Build Trust With AA Consumers and Improve Patient Experience Scores

I have studied and published research on African American(AA) experiences with healthcare providers and systems for over 20 years.  During this time, "culturally competent care" became a commonly used phrase to denote treating patients consistent with their culturally-guided values and health beliefs.  Yet, this only became an important issue for healthcare leaders and providers when Patient Experience Scores began to be used to modulate reimbursement.  Otherwise, those leaders were not interested in investing in this kind of care as it did not have a financial Return on Investment.

 

During my 30 years working with cardiologists and cardiology patients from the African American culture, I seldom heard or observed a discussion with a patient regarding their values or beliefs.  Often, the discussion centered around what was wrong and how it needed to  be fixed.  As an AA Baby Boomer, I could relate to the glazed looks on many of the patient's faces as their expression was one of defeat and fear.  Seldom did I hear the words "Yes/No Sir" "Yes/No Ma'am" which are viewed as a common expressions of respect for our generation. 

 

I observed providers using loud and commanding voices when speaking to AA patients who were not hearing impaired and standing over them in a position of power.  I observed providers wearing gloves for AA patients, but not other patients and I have observed the use of medical jargon that I had difficult understanding as a trained specialist in cardiac arrhythmia technology.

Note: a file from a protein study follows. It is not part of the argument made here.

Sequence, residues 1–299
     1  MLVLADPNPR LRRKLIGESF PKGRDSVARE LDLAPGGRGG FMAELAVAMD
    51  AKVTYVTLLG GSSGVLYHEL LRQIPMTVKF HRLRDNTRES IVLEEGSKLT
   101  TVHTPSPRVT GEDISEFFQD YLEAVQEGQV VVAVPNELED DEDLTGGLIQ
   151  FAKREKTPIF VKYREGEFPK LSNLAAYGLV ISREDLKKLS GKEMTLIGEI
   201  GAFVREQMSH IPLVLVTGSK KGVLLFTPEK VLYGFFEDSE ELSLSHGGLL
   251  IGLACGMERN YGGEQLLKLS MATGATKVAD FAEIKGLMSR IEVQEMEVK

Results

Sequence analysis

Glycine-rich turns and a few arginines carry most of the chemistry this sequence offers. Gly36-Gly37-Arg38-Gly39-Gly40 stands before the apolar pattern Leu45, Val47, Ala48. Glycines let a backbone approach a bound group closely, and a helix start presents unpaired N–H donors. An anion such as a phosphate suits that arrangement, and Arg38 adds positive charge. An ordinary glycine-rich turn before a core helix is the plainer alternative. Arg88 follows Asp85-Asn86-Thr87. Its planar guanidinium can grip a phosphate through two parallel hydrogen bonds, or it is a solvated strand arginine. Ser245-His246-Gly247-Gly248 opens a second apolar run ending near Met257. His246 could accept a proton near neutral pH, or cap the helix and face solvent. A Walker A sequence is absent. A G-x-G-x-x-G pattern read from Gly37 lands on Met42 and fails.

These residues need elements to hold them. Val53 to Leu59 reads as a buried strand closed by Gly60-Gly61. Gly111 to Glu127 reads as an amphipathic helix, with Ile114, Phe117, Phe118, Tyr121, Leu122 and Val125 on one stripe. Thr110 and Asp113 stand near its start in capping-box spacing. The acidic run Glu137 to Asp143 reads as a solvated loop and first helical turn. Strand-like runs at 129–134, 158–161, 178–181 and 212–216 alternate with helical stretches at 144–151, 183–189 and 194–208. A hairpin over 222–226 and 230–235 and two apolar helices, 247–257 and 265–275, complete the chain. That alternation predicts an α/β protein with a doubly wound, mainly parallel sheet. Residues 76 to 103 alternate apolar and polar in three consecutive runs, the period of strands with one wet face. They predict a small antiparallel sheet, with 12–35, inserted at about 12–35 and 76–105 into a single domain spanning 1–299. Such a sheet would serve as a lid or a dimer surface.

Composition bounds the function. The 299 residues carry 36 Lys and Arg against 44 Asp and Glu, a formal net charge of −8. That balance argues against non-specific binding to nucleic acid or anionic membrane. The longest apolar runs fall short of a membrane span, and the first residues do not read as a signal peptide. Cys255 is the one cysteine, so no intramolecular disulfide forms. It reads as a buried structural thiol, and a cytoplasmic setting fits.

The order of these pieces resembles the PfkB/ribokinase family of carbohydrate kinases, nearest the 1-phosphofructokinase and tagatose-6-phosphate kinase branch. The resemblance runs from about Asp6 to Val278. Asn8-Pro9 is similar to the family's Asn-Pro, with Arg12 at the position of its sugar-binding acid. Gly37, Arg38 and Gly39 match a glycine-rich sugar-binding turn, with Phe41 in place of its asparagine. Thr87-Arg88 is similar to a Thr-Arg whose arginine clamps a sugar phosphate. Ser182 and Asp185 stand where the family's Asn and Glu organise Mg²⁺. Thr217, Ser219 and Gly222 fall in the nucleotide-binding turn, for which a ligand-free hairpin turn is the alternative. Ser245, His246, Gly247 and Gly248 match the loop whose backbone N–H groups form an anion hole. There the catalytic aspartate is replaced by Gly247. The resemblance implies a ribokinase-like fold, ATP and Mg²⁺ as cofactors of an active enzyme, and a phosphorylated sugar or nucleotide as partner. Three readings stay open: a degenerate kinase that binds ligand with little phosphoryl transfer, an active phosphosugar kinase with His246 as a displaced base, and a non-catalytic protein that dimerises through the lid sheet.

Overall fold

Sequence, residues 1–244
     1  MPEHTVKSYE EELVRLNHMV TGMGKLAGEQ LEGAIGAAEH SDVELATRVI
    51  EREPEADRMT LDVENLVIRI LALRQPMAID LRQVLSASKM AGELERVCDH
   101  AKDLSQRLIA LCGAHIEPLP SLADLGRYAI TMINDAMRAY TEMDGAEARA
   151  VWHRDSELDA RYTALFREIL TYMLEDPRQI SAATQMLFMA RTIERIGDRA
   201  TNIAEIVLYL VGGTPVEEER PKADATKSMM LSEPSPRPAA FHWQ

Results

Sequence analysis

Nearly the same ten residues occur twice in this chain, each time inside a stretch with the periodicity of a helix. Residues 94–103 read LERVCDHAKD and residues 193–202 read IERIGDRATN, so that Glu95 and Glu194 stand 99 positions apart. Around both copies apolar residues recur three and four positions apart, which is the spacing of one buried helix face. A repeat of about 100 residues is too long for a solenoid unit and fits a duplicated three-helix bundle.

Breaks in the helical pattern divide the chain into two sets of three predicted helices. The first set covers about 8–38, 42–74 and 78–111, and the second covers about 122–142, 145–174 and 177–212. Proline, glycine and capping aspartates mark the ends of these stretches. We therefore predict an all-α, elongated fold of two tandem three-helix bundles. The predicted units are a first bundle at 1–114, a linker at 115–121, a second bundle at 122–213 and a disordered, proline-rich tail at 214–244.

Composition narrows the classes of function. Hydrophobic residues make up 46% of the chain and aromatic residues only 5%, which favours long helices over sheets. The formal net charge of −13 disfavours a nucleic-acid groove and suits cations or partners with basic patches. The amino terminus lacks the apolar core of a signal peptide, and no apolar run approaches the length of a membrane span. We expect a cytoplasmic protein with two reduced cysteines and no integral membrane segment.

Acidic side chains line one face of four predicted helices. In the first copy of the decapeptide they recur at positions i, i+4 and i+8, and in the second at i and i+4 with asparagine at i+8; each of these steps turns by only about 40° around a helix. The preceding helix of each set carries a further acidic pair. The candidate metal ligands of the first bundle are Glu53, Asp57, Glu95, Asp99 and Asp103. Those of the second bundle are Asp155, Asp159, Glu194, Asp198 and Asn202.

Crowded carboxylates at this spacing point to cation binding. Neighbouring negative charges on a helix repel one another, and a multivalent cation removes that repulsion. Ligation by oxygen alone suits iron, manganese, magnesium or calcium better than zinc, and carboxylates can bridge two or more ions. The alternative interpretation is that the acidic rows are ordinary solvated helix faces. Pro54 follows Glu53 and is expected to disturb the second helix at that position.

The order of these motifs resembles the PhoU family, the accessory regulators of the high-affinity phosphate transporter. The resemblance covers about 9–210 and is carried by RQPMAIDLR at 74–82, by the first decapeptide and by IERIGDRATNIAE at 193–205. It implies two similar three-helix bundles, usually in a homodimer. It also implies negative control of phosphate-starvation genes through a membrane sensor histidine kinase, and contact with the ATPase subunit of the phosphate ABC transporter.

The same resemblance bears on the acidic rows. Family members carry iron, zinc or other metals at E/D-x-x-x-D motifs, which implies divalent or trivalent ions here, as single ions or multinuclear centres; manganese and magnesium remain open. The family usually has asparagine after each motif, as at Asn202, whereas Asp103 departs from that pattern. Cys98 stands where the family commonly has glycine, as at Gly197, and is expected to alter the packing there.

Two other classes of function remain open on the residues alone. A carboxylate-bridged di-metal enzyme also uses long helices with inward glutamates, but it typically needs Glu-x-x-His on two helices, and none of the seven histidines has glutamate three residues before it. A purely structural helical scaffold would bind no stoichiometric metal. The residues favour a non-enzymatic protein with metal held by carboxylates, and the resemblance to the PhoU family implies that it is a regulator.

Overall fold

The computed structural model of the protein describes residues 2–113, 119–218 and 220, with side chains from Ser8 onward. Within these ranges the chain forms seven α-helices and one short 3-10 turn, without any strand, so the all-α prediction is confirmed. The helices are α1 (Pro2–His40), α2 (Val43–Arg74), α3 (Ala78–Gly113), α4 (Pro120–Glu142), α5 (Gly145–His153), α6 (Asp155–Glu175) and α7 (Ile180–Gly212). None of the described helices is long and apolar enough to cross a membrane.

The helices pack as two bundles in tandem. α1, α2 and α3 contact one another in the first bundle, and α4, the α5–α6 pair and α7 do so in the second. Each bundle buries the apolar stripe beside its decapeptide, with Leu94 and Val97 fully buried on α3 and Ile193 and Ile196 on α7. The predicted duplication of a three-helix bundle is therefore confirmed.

These observations are consistent with the body of published literature that while improvements have been made in delivering culturally competent care, there are significant opportunities for improvement in building trust with my generation, which is the generation that experienced and fought against racial injustice and remember the Tuskegee Experiment.  Moreover, mistrust has been shown to significantly contribute to costly episodic care and low compliance with medical care advice.

 

Hence, I personally developed a learning model that represents my 35 years in the healthcare profession, personal experience, research and best-practices.   The strategic intent of this module is not to place blame or point fingers.  Instead, it is designed to help providers apply one of Stephen R. Covey's Habits of Highly Effective People...Seek First to Understand, Then to be Understood.  It is designed to be thought-provoking, motivational and inspirational.

 

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